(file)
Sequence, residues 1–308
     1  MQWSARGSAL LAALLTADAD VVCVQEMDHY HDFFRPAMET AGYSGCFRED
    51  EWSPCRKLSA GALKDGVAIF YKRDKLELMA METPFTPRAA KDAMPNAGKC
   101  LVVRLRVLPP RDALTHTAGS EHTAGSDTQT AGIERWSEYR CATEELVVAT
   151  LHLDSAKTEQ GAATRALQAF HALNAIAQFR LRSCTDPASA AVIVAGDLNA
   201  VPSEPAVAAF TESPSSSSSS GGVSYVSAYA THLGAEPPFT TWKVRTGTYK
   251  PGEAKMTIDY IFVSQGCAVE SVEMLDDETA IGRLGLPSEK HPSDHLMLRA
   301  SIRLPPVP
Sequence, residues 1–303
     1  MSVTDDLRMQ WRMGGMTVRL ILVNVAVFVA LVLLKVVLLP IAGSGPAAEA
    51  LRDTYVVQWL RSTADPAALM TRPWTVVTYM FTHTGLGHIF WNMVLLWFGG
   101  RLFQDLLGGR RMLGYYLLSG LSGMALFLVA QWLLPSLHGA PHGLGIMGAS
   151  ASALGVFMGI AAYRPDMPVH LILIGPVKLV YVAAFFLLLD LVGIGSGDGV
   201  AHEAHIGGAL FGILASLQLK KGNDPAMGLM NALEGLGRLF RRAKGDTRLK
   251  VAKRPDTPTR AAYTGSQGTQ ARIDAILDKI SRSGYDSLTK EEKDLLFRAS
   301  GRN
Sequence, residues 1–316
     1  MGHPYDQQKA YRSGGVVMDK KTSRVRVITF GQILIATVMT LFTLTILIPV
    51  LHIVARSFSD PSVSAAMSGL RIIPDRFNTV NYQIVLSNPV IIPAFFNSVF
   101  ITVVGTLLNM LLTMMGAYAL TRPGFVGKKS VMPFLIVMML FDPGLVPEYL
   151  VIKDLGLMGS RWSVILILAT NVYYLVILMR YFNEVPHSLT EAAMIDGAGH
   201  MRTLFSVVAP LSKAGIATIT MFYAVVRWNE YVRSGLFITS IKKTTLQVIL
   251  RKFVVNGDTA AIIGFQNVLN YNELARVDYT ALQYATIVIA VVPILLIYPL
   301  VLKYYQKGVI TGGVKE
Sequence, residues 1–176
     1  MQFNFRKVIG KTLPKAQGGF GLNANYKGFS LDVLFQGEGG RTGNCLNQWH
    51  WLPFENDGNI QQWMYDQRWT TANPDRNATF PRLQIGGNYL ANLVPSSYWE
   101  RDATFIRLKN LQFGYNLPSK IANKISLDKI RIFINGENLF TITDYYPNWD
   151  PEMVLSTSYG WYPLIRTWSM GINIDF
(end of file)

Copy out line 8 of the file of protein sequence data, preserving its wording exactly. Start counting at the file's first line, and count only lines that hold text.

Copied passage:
   301  SIRLPPVP